Wednesday, 24 June 2009


On 17th June I went to the exhibition POOR. OLD. TIRED. HORSE. at the ICA in London. Named after the 1960s magazine run by Ian Hamilton Finlay, POOR. OLD. TIRED. HORSE. is 'an exhibition of art that verges on poetry', including 1960s Concrete Poetry and Text Art by Ian Hamilton Finlay, Dom Sylvester Houedard, Henri Chopin, Ferdinand Kriwet, Liliane Lijn, Vito Acconci, Carl Andre, Christopher Knowles, and artists from that period who used text in some way such as Robert Smithson, Philippe Guston, Alasdair Gray, David Hockney, and some more recent artists who make text based art: Anna Barham, Janice Kerbel, Sue Tompkins, Karl Holmqvist, Matthew Brannon and Frances Stark.
     I was really delighted to see the 1960s concrete work, especially an installation of Ian Hamilton Finlay's Sea Poppy I as a large wall painting. It was also wonderful to see dsh typewriter art as framed originals rather than as reproductions in books. I have the Finlay in my copy of Keith Tuma's Anthology of Twentieth-Century British and Irish Poetry (New York: OUP, 2001), but it really is much more impressive as a large wall painting. Liliane Lijn's rotating text cones set on record-player turntables (photo above, from the V & A collection) are great, Ferdinand Kriwet's stamped circular aluminium signs playing on power and sex language, Carl Andre's excerpts from Shooting a Script, Christopher Knowles' 'typings' from the 1970s, patterns made with the typewriter matrix, that look like carpet designs incorporating text. All this work is really worth seeing and the material that extends the show is compelling at first, especially the Philippe Guston / Clark Coolidge collaboration 'I am the First' (1972). After that, there is a quite a bit of material that is interesting but doesn't really manage to take the Text Art concept anywhere. I don't think that contemporary Text Art is represented well in this show.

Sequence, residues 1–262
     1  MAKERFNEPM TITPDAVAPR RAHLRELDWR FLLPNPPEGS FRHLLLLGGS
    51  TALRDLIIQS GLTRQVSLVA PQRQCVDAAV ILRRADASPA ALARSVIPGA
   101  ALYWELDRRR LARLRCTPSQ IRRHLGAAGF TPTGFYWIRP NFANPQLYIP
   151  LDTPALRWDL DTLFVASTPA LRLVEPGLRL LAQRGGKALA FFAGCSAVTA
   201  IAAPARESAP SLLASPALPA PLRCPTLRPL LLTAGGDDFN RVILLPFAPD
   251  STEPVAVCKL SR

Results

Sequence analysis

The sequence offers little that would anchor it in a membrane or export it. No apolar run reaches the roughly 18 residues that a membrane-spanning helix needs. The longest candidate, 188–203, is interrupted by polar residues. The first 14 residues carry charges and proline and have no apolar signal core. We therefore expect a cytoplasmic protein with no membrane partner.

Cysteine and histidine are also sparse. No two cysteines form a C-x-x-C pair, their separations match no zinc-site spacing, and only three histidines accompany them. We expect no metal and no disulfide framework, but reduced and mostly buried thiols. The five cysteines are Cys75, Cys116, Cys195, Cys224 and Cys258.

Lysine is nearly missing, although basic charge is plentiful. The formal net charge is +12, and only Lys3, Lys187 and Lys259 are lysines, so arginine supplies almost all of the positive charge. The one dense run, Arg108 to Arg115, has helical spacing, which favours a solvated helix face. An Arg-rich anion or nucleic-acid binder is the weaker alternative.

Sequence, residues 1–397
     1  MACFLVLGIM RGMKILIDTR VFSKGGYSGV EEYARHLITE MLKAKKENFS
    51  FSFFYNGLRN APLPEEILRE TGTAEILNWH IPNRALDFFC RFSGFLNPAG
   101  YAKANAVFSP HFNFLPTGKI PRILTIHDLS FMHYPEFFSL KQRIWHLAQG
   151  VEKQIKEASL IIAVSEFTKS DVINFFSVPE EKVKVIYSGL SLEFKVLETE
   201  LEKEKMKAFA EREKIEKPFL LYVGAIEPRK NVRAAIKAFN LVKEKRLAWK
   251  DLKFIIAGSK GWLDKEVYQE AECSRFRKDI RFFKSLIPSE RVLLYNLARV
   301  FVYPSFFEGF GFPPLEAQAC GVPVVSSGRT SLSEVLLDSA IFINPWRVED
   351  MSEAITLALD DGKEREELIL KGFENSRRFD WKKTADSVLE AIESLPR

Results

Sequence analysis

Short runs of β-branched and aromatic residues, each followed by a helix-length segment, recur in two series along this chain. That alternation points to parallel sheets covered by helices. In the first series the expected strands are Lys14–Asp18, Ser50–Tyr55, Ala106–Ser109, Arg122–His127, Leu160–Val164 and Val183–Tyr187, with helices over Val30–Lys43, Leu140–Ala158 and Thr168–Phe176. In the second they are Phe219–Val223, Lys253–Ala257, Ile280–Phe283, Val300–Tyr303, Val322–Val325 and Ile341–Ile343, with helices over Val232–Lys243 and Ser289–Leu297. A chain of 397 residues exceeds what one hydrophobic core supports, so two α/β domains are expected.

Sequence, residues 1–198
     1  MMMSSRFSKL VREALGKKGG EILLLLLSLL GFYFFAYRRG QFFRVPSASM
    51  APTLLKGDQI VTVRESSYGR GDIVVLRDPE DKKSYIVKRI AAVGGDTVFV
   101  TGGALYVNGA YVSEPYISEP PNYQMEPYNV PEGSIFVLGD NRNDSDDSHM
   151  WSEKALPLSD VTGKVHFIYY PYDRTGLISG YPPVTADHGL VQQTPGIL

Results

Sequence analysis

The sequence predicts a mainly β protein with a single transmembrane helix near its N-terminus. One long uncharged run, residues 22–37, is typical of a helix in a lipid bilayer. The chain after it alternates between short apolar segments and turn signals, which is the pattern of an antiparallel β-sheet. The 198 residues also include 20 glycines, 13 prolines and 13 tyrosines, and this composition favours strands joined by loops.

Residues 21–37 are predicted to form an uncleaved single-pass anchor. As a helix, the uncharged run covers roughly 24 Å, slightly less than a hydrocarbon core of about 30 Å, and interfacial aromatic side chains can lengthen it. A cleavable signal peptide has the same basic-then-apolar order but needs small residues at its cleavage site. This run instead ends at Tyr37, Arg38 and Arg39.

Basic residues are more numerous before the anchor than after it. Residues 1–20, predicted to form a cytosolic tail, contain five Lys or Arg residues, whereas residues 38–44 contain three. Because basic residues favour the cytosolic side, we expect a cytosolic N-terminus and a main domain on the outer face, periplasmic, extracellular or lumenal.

Saturday, 20 June 2009